Together with several friends and allies, I participated in a panel on religion and radical politics at the recent Mobilizing and Organizing from Below conference in Baltimore. The following is a manuscript version of what I shared.
My own involvement in anti-war, economic solidarity, and climate justice work began nearly ten years ago in a very unlikely place: a conservative Christian college in the Midwest. Taking an introductory course on historical criticism of the bible, I discovered a deep dissonance between the Jesus described in the New Testament and the one touted by our Christian president George W. Bush. How, I wondered, could a Jewish peasant executed by the Roman Empire for insurrection be rhetorically deployed in support of imperialist war-making?
Since discerning that initial question, I have spent much of my time tracing the genealogy of Christian collusion with colonial expansion and capitalist accumulation, and seeking out other anti-oppressive forms of Christian expression. What I have found is a thin line, often barely visible and at times completely submerged, of faith-fueled resistance to empire and universalist pretension. And this line can be traced all the way back to the earliest days of the Jesus movement, which in reality was not Christian at all, but arose within the prophetic and apocalyptic streams of Judaism in Roman-occupied Palestine.
So what I offer here is not some form of apologetic so much as a contention that religious narratives deployed in support of oppression can and must be contested. And for those of us who continue to claim these traditions, we can resist their dominant expressions from within and on their own grounds, instantiating counter-Christianities and organizing revolts of conduct over and against the religious order of things. In order to further such an effort, I want to briefly outline three liberating trajectories within the early Christian movement, ones that have been pursued historically by numerous forms of counter-Christianities, three lines of flight that track alongside contemporary anarchist and communist concerns.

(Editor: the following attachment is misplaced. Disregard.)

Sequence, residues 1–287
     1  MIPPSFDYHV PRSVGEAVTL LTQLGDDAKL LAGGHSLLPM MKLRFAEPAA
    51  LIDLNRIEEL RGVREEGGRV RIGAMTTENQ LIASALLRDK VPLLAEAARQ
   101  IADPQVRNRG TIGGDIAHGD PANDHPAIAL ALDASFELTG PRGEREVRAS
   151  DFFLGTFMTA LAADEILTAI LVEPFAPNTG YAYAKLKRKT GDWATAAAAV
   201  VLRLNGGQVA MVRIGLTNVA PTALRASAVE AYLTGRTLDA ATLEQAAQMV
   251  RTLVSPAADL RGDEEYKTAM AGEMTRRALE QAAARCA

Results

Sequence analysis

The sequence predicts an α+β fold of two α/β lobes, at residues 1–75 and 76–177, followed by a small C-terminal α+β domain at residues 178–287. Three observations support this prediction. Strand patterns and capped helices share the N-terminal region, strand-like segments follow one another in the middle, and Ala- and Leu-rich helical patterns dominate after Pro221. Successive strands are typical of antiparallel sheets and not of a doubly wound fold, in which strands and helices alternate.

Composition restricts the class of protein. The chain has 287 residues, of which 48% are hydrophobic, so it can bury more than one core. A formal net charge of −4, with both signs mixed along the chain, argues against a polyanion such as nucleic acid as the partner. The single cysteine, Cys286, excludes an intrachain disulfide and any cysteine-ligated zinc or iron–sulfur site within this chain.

1) An economics of jubilee redistribution. In his recent book Debt: The First 5,000 Years, David Graeber introduces anarchist circles to the concept of Jubilee that was central to the work of Jesus and his disciples. Part of the Mosaic covenant, the law of Jubilee called for the periodic cancelling of all debts, releasing of those in bondage, and returning of land. It overturned the widespread equivocation of debt with morality, whereby to be in debt was essentially to be sinful and instead claimed that the highest moral act was the abolition of all accounts. Such calls for Jubilee took on a radical urgency in Galilee, where most peasants were on the edge of survival, having lost their land to elite absentee landlords in the trickle-up economics of the Roman Empire. Acting as community organizers, Jesus and his disciples sought to renew practices of mutual aid and cooperation amongst the peasants while critiquing imperial economics and demanding a generalized Jubilee. In our own day, when membership in the 99% equates with massive amounts of debt and austerity is being presented as our only public option, it is time to reignite a Jubilee refusal of debt and its moral metaphysics.